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Homeless comic strip to raise laughs and questions

July 03 2010
Pulitzer Prize-winner aims to be thought-provoking

One thing most readers of The Pavement probably agree on is that homelessness is no laughing matter, but a new comic strip launching in the US this month disagrees. Barney & Clyde (pictured) stars a homeless man and a billionaire.

Sounds tasteless? In the wrong hands, it easily could be; but its creator, Pulitzer Prize-winning cartoonist Gene Weingarten, told The Pavement that he aims to create a strip that is thought-provoking rather than clichéd or insensitive.

Weingarten says that the idea came during an argument, when his 20-year-old son said: "You know what would be a good idea for a strip? A friendship between a billionaire and a homeless person." Weingarten added: "I just sat there for a minute, then stood up and walked over to a calendar on the wall of my home office and I circled the date. It was 28 April, 2005. That was the birthday of "Barney & Clyde."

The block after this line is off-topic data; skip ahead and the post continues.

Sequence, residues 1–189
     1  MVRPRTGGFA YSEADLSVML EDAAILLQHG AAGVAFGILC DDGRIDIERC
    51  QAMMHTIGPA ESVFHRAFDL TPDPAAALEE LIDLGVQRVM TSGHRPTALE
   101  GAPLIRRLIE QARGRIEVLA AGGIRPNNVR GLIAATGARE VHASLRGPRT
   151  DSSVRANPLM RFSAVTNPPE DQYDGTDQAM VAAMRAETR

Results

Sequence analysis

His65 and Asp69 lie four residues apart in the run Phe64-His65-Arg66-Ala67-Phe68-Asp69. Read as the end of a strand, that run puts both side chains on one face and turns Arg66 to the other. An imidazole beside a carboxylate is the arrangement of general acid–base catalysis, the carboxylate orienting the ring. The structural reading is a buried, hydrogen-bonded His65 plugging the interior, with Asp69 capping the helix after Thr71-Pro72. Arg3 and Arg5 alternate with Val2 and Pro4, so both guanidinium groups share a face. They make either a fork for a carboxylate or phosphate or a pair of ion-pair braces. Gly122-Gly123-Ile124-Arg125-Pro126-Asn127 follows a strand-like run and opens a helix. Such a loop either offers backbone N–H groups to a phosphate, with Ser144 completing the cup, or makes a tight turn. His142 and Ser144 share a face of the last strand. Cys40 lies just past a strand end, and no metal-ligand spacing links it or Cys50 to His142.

When asked why he chose these two characters, he replied: "Increasingly, we're living in a world of economic polarisation, of haves and have-nots. This raises plenty of legitimate philosophical questions that could be dealt with, we hope, through the universal prism of humour."

A week in, the strip seems to be more about the haves - and the ethical problems with amassing piles of cash - than the have-nots. The homeless character's only appearance so far is when, passing the billionaire in the street, he surprises the richer man by giving him a dollar and advising, "Now, don't go spending it all on crack."

Still, it's early days. If the strip can keep asking big questions about money and inequality without lapsing into lazy generalisations about homeless people (or the very rich), then Weingarten may have found a powerful vehicle for exploring some of the biggest issues of our time.

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